Even as a child, I cried when I heard the song, “Auld Lang Syne.” As an adult, I chalk it up to knowing that there is within me, life from literally that sense of “Old Long Since,” a time long gone by, from Scotland, who always knew and comprehended the meaning of that concept, when a child from America who had never traveled or experienced anything remotely exotic would not likely have understood its meaning or the feelings that arose from it.
On Christmas Eve, at Golden Corral, my husband and I were out for our holiday dinner and the Dan Fogelberg song, “Another Auld Lang Syne” came on, and I told him with fair warning, “I will cry during this song. I always have and I always will.” The sentiments of a love lost, then reacquainted in a grocery store during a chance meeting on New Year’s Eve, laying it all on the table for the sake of what might have been, has always seemed to me one of the greatest losses, but also somehow a triumph (because words were finally given to the feelings that never got to be fulfilled in that relationship). And it always makes me cry. Maybe I’m more of a romantic than I want to own up to being; I don’t know.
But always – I do mean, always – there is a sadness about those three words that penetrates my bones and pierces the depths of my soul in a way that I cannot ever explain. Some part of me has known more sadness and loss than I have in my mere fifty-one years within my soul – and those three words wring emotions and experiences that I can’t even give words to from deep within me, some secret place that my body’s current resident isn’t even privy to visit or see.
Auld Lang Syne, literally, then, means Old Long Since. It’s absolutely talking about what we’ve known in the past. And it is Scottish. Leave it to the Scots to raise emotions and fight with feelings from the past in inexorable ways in these lyrics. “Should auld acquaintance be forgot, and never brought to mind?/Should auld acquaintance be forgot and days of auld lang sine?” In other words, “Should old friends/loves be forgotten, and never thought of again? Should old friends/loves be forgotten and all of those old times, too?”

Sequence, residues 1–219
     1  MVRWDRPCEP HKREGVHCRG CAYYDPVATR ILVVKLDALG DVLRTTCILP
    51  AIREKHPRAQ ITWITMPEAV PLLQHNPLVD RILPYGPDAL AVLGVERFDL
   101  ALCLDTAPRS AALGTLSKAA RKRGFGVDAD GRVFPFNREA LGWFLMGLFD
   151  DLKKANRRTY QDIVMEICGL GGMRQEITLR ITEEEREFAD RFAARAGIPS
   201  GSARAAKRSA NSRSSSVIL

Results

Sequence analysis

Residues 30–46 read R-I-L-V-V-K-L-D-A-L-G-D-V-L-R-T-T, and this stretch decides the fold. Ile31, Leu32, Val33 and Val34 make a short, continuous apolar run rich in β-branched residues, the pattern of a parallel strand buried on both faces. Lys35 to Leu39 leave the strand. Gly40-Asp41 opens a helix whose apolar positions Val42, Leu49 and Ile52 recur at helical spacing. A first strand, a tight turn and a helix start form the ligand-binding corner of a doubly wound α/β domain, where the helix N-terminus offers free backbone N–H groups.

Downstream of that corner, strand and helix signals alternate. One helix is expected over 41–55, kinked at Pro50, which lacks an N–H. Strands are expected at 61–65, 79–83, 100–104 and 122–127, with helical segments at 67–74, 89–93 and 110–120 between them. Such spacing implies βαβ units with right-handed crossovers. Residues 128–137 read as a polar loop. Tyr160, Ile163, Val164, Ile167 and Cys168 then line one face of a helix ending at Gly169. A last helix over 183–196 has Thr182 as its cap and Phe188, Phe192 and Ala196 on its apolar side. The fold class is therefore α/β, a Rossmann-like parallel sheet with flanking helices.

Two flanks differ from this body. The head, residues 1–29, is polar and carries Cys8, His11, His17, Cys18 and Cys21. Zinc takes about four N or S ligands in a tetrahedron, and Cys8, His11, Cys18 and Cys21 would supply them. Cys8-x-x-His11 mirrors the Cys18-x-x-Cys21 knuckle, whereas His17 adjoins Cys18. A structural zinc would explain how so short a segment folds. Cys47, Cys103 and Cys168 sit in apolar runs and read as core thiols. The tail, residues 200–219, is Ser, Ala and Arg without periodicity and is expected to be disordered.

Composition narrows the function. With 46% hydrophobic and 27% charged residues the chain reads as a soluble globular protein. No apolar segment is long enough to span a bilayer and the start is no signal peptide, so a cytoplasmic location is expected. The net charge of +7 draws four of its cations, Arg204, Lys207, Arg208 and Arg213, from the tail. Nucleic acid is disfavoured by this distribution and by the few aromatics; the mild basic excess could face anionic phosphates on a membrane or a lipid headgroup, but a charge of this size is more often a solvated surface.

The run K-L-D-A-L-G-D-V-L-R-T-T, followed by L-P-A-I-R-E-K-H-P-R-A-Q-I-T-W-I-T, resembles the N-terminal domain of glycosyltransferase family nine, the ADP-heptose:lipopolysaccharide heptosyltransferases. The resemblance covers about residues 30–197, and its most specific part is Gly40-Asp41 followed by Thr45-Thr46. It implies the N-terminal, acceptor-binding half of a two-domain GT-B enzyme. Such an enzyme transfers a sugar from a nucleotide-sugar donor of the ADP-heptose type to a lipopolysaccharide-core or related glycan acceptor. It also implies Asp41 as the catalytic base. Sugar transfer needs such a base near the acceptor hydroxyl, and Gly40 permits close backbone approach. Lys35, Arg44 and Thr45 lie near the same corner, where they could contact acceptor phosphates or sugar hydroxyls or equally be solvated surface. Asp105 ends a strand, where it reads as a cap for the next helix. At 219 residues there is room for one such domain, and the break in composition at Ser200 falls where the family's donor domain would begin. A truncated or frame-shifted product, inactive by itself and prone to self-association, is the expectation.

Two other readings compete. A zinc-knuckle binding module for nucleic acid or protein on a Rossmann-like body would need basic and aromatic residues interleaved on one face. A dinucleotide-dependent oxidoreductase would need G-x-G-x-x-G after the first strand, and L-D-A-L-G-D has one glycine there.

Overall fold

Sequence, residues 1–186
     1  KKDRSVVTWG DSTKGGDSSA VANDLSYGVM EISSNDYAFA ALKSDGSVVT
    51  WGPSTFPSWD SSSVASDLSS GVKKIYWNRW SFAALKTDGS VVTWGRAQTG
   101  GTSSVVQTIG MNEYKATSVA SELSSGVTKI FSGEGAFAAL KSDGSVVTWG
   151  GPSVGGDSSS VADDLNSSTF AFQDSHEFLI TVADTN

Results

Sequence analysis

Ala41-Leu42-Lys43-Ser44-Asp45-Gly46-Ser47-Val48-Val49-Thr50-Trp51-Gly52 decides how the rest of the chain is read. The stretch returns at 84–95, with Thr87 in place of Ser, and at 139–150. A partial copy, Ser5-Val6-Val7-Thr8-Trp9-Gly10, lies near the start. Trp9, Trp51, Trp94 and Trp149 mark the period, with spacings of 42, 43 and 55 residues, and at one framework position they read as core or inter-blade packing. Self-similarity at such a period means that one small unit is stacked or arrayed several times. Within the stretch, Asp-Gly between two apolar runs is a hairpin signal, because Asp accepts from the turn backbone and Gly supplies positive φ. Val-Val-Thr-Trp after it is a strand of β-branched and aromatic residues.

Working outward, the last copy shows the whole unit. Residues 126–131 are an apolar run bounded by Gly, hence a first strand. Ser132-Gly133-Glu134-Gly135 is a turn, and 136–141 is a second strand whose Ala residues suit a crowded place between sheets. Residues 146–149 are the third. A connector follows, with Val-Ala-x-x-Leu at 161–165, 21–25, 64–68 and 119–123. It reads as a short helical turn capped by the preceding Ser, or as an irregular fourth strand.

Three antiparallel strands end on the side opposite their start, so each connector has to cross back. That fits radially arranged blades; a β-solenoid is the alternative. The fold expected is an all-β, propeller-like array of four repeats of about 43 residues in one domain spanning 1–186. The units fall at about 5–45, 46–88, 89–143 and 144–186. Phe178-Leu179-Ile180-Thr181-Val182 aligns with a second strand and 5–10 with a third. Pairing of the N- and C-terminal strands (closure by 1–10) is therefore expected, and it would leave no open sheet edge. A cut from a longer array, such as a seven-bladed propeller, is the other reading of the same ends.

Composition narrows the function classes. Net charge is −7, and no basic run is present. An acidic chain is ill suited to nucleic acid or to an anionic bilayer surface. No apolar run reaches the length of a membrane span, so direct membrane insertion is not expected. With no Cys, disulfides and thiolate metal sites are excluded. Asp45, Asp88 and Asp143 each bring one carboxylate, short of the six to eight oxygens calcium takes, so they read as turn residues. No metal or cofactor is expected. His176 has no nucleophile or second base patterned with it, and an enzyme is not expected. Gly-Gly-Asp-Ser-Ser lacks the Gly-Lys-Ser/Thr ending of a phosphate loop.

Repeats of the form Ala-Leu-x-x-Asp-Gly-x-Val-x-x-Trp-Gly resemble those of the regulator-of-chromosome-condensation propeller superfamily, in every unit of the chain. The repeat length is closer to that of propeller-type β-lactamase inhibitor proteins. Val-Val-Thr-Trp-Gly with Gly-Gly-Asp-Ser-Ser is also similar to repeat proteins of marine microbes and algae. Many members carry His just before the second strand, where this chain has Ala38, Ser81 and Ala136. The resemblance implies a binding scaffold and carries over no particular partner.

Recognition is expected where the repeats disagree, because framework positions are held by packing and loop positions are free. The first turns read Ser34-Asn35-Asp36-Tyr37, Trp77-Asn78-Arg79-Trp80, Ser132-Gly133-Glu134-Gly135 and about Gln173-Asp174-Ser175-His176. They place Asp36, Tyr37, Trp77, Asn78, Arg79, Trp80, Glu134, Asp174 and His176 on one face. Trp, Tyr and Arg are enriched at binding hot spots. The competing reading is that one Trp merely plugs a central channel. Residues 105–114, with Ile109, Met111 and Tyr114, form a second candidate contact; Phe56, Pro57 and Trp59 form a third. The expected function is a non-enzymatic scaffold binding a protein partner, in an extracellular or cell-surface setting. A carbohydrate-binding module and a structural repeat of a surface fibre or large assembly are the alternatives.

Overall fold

“For auld lang syne, my dear, for auld lang syne!/ We’ll take a cup of kindness yet, for auld lang syne!” So, what’s being proclaimed here? For old times past, for old times past!” “We’ll take a cup of kindness yet –” There’s still something good to be said, to be thought, to be felt about those old times that have gone by – and we’ll take that cup of kindness now, thank you, because we might not have had it in the past – all for the sake of auld lang syne (old long since).
What makes this the perfect song to sing at the end of the old year, and to usher in the new, in my honest opinion, is that “cup of kindness,” because, no matter what has happened in the past, whether recent or auld lang syne, we can find something hopeful, something kind to think about in those moments. I love that about this song. The hurt, the heartache, the pain, and confusion – they’re all very real – people we have loved and lost – are very real. But at midnight, we get another chance to look at things through a different perspective, we get a chance to find something good in the situation. What a gift! What a dream come true! What a moment to look forward to. For each od us. Each and every year. Forever.
With that line in mind, then, let me offer a few words.
Yes, 2022 certainly threw us some curves. More things than I care to name here and now. But in the grand scheme, those things are also not so horribly important. Because they are about to become yesterday’s heartaches, shortcomings, and disappointments.
But here is to 2023 and some rather specific hopes as a new year begins: to no orthopedic adventures/misadventures; to no lost or passing felines or friends; to writing our best words and being our best selves, even if that means lots of drafts and edits; to new adventures, through words and deeds; and to being weird enough to laugh when the world is laughing, choosing to laugh with the friends around us, rather than thinking we’re part of a joke.
And, personally, I’m praying that 2023 holds homes for my words. I have resumed working on the story and poetry collection this week that I have been working on off and on for a few years now. And I’m working my way through notebooks looking for pieces for the memoir which my dear friend Denton Loving is mentoring me to get into shape. Counting pages. Never getting to 100. But I will. And when I do, I’ll have a brief celebration, then move on to the next stage of “birthing” it into the world. I feel like it is going to be the longest pregnancy in literary history, but I have the most patient and giving midwives in the universe.
Love, light, and lots of laughter to you all,